EL: Does it add anything by making them plainclothes cops driving in an unmarked car?

RMG: I think so, yes. For the person who’s being stopped, they don’t necessarily know that they’re being stopped by cops. They may have a flashlight or something like that, but they look just like you, so I would be inclined to run or be frozen and be scared. I don’t know who’s approaching me. Even though they’re cops, they may not always appear that way. There’s always the fear of “well, they look like me, so am I sure they’re a cop? Are they pretending to be a cop in an attempt to rob me?” There are all these elements that go in to not seeing the blue and white and hearing the sirens.

EL: The whole film, from the darkened streets lit by the city’s ambient light, to the lights on the cop car and the claustrophobic apartment that Xavier calls home, seems naturally lit.

RMG: All the testaments should go to Federico Martin Cesca, my Director of Photography. We did in fact shoot with all natural light. We scouted two days before we started shooting, knowing that we really didn’t have a lot of money. We had to use practical locations, mostly exteriors, and wound up shooting in our lead actor, Keishawn Butler’s house. That was his apartment and that was his mother in the film. We used the elements that were already there to our benefit. His house is pretty well-decorated, so we altered that by keeping the lights off, and I think it works for the film.

EL: The final sequence in the film is portrayed in a single shot, from Xavier’s elevator ride up to his apartment to the final moments in the bathroom. This continues an interesting choice of often keeping the camera behind Xavier and having it follow him throughout the evening.

RMG: In my last film, there was a very long take that, by not cutting, allowed us to stay within the character’s head. I thought that by staying within that one shot, we’re allowed to think as he thinks, in real time. He’s making a decision as we make it with him. The apartment location we had in "Stop" lent itself to that filmmaking choice. We could be with him and see what he’s thinking. We don’t know if he’s going to go home and slit his wrists. There were several things that were going through my head about what someone would do in that situation. By keeping the camera with him, I thought it was very interesting. He knew all along, from that very moment, that this was a very close situation and one that could occur again. Even if he doesn’t want to find himself in the situation again, if it does happen, he’ll be much better prepared. By playing it out in real time, we never wanted to let the audience breathe.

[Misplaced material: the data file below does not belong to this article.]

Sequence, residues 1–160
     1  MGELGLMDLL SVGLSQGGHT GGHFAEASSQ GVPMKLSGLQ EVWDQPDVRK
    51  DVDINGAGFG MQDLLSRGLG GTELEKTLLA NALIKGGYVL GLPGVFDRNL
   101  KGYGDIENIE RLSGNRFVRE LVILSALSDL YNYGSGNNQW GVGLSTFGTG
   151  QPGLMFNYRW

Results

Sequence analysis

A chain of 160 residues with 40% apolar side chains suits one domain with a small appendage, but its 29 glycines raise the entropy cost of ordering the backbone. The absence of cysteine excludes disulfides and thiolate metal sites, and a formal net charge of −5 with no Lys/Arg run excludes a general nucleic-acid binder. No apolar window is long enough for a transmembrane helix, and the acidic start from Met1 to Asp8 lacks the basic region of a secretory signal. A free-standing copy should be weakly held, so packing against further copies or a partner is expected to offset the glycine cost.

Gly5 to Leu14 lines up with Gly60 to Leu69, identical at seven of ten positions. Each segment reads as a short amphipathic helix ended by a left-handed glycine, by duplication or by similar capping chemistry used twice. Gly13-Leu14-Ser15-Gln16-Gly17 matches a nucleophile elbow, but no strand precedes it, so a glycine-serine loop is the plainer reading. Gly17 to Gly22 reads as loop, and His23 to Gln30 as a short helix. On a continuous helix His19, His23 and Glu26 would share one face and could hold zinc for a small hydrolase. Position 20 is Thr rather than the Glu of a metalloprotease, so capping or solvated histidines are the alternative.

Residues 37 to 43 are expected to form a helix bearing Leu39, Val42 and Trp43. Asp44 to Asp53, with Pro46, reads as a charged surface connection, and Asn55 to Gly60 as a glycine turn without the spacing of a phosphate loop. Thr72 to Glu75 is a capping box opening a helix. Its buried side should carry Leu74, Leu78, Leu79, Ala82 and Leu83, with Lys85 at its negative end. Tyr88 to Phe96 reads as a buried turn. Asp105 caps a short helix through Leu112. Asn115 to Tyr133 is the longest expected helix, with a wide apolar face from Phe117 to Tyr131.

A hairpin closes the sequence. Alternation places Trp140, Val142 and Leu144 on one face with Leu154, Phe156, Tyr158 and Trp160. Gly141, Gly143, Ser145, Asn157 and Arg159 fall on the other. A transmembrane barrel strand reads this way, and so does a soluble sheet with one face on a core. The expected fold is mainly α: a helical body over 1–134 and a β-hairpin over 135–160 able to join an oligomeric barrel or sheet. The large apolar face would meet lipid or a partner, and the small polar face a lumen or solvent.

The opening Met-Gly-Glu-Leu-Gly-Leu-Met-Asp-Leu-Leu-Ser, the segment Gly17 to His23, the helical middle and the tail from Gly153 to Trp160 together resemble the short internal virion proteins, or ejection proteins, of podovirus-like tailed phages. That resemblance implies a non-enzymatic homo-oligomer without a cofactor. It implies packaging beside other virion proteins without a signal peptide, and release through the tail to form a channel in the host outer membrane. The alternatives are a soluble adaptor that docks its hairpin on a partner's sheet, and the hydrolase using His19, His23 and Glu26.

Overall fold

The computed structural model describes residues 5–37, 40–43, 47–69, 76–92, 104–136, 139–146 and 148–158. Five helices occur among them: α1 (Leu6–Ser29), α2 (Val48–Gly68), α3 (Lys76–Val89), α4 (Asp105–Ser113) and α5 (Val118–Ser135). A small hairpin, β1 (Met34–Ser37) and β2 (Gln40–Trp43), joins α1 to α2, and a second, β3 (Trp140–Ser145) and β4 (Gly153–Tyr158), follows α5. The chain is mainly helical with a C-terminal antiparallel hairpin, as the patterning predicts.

EL: Could you talk a little bit about the brief exchange that Xavier has with his mother? She asks him how his day was, and he remains casual and doesn’t inform her of the incident. It’s shocking and painful that it almost feels like a matter of fact, that this frightening event won’t ever be discussed between them. 

RMG: That scene wasn’t quite written. It was supposed to involve a father, but Keishawn Butler’s mother was at the apartment at the time and was willing to be our actress. We chatted for a few minutes before shooting the scene, and I asked her about the kinds of conversations she has with her son. She said that sometimes he comes home and goes straight to his room and they don’t really talk. She’ll say “how was your day?” and then he’ll go into his room and use his phone. I thought that was something we could play with. He’s this way in real life, so I thought we could try to keep the situation as real as possible and see how it plays in the overall shot itself. This is a typical interaction between Keishawn and his mom, a teenage boy who has other things going on and isn’t really interested in sharing his secrets with his mother. I thought that was something very real and it played into the overall narrative of the film. 

EL: While there have been reports that stop-and-frisk numbers have gone down in New York City in the past year, there have, of course, been some very high profile stories involving police brutality recently. What are your thoughts on stop-and-frisk? Is it targeted to specific groups of people? It’s received a lot of attention and rightfully so.

RMG: I think it’s no secret that people of color have been the target of stop-and frisk policies in New York City. If you look at the amount of young black and Latino teenagers being stopped compared to other races, the numbers are alarming and astronomically different. That needed to be addressed, as it affects the entire country. It happens everywhere. While they may ultimately end the policy of stop-and-frisk, they could continue it by calling it something else. The issue is the profiling aspect, stopping people because of how they look. I wanted to approach it in a non-didactic way, that allows people to think for themselves. The choice is up to you about whether you think stop-and-frisk is right or wrong. I’m presenting it in a very matter-of-fact way. I think the issue needs to be addressed, and that’s why I made a film about it. I hope the film brings attention to this issue in a positive way, that asks if there’s a more positive way to go about stopping people. If we have to do our jobs, maybe there’s a better way to do it. On the flip side, are we doing everything to make sure that we’re preventing this from happening in the future? We have to be ready for it, even if we know it’s not right. 

Following it’s 2015 Tribeca Film Festival (TFF) New York premiere screening a couple of weeks ago, here’s Reinaldo Marcus Green’s "Stop."